I was planning to go to Stockholm this past weekend, but because of some other developments at the house, I had to postpone the plan to a later date.
Perhaps it was just as well, because this weekend there were large protests in central Stockholm against “vaccine passes” and other restrictive measures, and it probably wouldn’t be the easiest time to stroll around. About 10,000 people showed up, which is a lot for that city. Bear in mind that the restrictive policies in Sweden are quite light compared to other European countries and only really started with the milder “Omicron”.
While I have not been so far inconvenienced by any restriction up here in Börkö, which feels almost like a different planet in its tranquility, in any case I think it is good that people are protesting for their rights.
Sweden is many times criticized because of its supposed social conformism and its supposed fanatical adherence to the “politically correct”, but in the case of Covid rules, they have been actually quite moderate.
There is a book from the 1970s called “The New Totalitarians”, which is a criticism of Swedish society and its social democracy model. It argues that Swedish people lived in a soft totalitarian “Brave New World” type of society thanks to the 40-year socialist rule. I haven’t read it, but as it seems to come from an Anglo-American perspective of “England and America are the best and freest countries in the world”, and in the context of the height of the Cold War, I am very suspicious.
For me everything seems very nice up here, but of course, exactly because things are so incredibly nice, I keep thinking that “it is a trap, there must be a trick somewhere”.
However, I have to say that I know absolutely nothing about Swedish politics, I don’t even know who’s the current prime minister, and King and Queen, assuming they still have those. And I haven’t been here long enough to form any opinion about their social system, to be honest.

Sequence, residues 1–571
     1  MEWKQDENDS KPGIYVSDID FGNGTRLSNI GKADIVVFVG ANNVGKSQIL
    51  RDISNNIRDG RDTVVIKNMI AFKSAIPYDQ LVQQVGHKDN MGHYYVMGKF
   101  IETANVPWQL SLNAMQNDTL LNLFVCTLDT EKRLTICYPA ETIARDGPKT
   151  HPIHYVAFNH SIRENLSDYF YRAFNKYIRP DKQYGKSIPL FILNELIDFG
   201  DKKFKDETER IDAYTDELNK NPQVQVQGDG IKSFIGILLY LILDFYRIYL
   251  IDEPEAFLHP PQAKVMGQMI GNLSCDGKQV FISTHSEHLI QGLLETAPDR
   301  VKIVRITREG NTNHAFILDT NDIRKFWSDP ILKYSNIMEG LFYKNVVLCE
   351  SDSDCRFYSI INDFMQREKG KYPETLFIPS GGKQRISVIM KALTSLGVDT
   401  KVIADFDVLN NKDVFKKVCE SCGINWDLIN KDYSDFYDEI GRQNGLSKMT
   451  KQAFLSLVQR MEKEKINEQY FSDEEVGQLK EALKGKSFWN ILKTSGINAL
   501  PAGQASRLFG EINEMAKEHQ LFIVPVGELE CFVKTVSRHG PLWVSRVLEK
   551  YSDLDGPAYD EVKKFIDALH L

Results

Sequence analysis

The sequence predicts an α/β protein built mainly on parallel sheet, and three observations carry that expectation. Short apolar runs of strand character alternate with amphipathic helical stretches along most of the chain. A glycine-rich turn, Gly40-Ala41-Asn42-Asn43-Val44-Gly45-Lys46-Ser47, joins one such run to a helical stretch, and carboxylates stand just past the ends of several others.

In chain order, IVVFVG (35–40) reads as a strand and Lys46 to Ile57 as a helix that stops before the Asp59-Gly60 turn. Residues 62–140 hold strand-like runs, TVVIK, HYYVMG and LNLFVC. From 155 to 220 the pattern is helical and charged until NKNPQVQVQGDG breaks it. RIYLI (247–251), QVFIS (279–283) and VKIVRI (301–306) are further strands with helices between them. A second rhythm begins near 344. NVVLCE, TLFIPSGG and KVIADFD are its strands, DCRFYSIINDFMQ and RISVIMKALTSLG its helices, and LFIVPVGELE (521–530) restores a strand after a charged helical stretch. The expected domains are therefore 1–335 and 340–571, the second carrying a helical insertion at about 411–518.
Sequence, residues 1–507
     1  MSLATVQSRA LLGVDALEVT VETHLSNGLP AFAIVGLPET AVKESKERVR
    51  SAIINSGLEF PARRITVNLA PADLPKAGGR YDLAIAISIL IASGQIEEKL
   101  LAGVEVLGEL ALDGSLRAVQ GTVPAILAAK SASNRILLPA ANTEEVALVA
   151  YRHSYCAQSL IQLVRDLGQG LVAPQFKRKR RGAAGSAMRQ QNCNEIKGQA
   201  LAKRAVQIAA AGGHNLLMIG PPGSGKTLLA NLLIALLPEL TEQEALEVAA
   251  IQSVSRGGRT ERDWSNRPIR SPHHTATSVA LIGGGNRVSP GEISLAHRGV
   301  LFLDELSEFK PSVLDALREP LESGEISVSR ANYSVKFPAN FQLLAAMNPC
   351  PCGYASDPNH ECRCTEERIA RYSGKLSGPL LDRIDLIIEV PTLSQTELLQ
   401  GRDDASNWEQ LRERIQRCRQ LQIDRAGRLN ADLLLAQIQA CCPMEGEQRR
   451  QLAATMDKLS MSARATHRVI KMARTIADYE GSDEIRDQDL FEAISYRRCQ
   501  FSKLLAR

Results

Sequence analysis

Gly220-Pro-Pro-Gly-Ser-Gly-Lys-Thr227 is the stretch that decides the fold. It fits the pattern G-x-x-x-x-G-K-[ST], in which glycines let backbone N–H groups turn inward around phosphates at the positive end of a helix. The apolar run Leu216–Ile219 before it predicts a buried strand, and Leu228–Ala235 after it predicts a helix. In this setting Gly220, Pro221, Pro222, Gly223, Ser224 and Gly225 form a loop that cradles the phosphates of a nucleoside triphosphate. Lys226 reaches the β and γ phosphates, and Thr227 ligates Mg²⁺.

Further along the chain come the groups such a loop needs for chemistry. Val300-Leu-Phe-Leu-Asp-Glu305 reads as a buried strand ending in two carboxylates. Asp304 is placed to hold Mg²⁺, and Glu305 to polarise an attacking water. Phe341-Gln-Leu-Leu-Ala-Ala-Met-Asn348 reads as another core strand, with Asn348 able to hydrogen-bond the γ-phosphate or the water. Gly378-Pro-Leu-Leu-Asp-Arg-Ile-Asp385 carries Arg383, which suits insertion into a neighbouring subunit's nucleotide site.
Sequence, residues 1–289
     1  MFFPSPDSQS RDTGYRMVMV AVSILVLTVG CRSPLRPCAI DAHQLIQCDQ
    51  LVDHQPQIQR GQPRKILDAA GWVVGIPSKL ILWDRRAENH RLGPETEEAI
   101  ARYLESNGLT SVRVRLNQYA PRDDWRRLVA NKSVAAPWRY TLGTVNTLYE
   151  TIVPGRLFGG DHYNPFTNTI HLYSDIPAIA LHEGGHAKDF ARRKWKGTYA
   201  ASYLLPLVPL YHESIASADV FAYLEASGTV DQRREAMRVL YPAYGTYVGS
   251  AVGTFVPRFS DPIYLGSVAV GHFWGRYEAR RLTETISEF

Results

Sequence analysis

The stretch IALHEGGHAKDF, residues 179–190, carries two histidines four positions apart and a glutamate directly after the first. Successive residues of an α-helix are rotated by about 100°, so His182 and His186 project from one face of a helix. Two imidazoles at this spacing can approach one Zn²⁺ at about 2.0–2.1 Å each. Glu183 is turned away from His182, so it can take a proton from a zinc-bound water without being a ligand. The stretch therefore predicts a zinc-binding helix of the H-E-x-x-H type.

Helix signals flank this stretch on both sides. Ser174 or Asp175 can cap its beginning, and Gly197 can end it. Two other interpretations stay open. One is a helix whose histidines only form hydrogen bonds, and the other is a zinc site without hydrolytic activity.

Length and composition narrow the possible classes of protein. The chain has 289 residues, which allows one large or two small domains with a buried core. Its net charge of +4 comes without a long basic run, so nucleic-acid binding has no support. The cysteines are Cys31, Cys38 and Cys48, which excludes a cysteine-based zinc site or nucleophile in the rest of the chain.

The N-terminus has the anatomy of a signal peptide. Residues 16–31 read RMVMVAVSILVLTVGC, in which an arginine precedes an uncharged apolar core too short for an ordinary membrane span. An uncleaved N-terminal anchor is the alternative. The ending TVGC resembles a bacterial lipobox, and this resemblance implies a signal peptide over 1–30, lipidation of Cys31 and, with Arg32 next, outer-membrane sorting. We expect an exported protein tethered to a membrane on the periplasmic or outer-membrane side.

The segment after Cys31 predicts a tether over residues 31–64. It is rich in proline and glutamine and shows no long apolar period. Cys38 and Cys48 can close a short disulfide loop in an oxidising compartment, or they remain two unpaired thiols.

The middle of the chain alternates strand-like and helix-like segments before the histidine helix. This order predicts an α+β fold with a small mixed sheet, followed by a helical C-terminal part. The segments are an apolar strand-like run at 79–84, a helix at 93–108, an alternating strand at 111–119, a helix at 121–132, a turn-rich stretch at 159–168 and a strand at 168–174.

The only thing I can talk a little bit about, perhaps, is green politics and global warming. Greta Thunberg is of course one of the most famous Swedish personalities right now. I don’t really know her full story, but being the child of a couple of famous Swedish media celebrities, then having someone pay for her trip across the ocean in a sailing boat, then giving a speech at the UN… I don’t know, her rise to global fame just seems very contrived and not spontaneous at all.
I consider myself an environmentalist, and I think that there are several concrete problems that people could do something about — pollution in air and the oceans, protection of local fauna and flora, deforestation, etc. But “climate change” is something so vague and general, and the solutions proposed, like a “global carbon tax”, so outlandish, that it just feels — like a lot of the pandemic restrictions, by the way — as some type of scam to benefit the very rich and fleece the middle class. I could be wrong, though.
And speaking of climate change, today the day was warmer, and I am still amazed at how the landscape can change here so fast. Yesterday as I walked, I had to wade through deep snow; now a lot of the snow is gone again and you can see much more green and brown.
There is still a bit of ice on some roads, though, but I feel that I am learning to fall. After the two first times that I fell on the ice, when I had just arrived, the pain on my bones lasted for days; but now I still slip and fall at least one or two times every day, but I recover almost immediately. However, I suppose it’s better to avoid risks at this age, so I plan to buy myself a pair of broddar for my shoes.
Today’s walk was done in the company of Ösa, who is a singer and artist from Stockholm. It is nice to walk with someone who knows the region a bit more, and she showed me a new trail that I didn’t know about. This time we went down (or is it up?) to Kulla, where there is another lake and a nice forest path. On the way, we saw a lot of fallen trees from the previous windy days.
As we returned, there was sudden a power shortage at the house. It’s strange, because we were expecting one during those windy days, and nothing happened; now we have one when it’s warmer and sunnier and quieter, and it seems to be affecting the whole neighbourhood. It is still going on, and therefore I will be able to publish this only when power comes back… Hopefully, still today.
P. S. Power just came back, in the end the shortage lasted only 45 minutes. And now I am going to Älmsta again, so I might still update the site with new adventures… Hang on. I’m sure you’re impatient and have nothing better to do than read about Sweden…